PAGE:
The coronary part ((1) of FIG. 4) covers and seals the radicular part ((2) of FIG. 4). The seal can be ensured by any type of material allowing a temporary attachment of the two parts of the implant. According to one preferred embodiment of the invention, the two parts are linked by a temporary cement. According to another preferred embodiment of the invention, the coronary part ((1) of FIG. 4) is fitted, on its palatine face, with a channel which the operator can use to support an instrument, since, by carrying out a lever movement, he can separate more easily, the coronary part ((1) of FIG. 4) from the radicular part ((2) of FIG. 4), if required.

The coronary part ((1) of FIG. 4) of the preparation implant is adapted to the radicular part ((2) of FIG. 4) of this implant, selected on the basis of the extracted tooth to be replaced, and can be made of any biocompatible material mechanically suitable. It can involve for example a simple methyl-methacrylate resin. According to one preferred embodiment of the invention, the coronary part ((1) of FIG. 4) is made of a composite material. According to another preferred embodiment of the invention, the crown is made of a composite material based on loaded methylmethacrylate resin.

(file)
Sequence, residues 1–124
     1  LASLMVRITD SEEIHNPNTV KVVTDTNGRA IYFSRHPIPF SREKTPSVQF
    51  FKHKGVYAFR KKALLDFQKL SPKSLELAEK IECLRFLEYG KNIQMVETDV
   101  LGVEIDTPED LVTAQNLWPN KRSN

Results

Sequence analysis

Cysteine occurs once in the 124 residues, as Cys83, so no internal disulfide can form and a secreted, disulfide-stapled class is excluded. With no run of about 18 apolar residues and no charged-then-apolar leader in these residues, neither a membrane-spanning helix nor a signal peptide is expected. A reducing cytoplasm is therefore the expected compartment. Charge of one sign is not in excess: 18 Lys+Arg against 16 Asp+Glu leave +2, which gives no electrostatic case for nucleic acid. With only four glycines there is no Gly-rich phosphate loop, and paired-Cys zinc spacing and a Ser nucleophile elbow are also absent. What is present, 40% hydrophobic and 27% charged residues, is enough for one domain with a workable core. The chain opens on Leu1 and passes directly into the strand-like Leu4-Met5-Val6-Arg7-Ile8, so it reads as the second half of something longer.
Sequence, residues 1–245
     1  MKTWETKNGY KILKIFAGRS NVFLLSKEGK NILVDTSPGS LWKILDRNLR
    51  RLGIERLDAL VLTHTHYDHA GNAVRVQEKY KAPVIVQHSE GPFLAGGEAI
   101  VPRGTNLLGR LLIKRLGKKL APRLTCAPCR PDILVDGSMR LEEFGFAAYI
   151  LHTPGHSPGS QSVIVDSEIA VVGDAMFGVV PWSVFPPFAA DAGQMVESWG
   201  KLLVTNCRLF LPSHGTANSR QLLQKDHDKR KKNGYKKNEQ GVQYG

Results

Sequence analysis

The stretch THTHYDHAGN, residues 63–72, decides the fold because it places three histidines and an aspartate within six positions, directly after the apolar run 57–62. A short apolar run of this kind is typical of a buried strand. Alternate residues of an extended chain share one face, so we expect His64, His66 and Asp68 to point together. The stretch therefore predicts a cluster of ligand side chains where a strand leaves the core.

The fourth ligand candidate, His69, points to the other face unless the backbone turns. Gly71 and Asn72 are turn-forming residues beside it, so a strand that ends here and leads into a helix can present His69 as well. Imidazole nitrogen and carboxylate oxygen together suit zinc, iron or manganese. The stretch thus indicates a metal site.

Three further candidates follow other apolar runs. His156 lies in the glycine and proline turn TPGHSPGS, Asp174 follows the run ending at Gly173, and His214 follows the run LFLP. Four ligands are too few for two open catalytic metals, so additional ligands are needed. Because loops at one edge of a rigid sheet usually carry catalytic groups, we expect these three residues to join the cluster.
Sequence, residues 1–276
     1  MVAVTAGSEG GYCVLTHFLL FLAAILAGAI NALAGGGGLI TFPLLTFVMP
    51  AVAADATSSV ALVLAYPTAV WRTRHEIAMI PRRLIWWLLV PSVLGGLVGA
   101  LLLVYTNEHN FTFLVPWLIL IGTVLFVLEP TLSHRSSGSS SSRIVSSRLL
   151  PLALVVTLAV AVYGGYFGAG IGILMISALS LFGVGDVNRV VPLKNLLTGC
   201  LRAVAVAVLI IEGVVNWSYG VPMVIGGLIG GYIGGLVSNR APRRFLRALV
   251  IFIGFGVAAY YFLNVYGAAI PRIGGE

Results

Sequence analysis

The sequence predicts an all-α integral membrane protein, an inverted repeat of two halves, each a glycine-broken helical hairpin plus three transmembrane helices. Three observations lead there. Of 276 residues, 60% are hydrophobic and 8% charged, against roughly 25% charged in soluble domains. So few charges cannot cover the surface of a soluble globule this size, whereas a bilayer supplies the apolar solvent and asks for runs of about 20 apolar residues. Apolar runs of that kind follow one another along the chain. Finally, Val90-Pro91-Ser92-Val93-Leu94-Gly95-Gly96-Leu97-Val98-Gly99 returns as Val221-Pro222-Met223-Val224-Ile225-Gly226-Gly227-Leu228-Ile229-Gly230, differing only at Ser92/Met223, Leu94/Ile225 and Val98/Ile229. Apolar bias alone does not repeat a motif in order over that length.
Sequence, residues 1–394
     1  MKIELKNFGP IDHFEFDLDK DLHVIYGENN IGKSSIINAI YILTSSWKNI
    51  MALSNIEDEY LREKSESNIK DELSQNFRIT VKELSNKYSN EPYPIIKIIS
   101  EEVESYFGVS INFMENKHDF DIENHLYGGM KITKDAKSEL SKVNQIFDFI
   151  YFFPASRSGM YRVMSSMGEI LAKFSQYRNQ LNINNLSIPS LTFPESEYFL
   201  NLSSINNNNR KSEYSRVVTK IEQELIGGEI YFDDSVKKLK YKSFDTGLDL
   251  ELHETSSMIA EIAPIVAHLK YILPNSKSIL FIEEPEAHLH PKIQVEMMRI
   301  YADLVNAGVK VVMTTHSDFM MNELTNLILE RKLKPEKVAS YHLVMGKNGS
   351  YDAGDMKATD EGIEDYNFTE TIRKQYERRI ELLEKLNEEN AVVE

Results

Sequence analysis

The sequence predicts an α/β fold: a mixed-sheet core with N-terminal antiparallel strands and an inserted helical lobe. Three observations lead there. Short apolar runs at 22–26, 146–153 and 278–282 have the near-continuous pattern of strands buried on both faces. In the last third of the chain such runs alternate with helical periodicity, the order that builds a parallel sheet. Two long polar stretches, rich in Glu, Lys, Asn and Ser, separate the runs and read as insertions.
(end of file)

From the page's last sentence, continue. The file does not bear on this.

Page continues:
This crown can be attached to the neighboring teeth to stabilize the temporary implant. As an alternative, this crown can be held by sutures to the gum ((g) in FIG. 1) and so keep the radicular part ((2) of FIG. 4) in the alveola. In this case, the crown comprises channels and/or grooves that act to stabilize the sutures (cf: Drawing no. 1). This crown is adjusted to remain in sub-occlusion during all movements of the mandible, such that the sub-adjacent tissues can undergo healing without being subject to significant compression. It also has the aesthetic advantage of allowing immediate replacement of an extracted tooth following the selection of the suitable morphological model. The sutures used can be any type of bio-degradable or non biodegradable material with a functional life of at least four to five weeks. According to one preferred embodiment of the invention, the sutures used are made of non biodegradable teflon.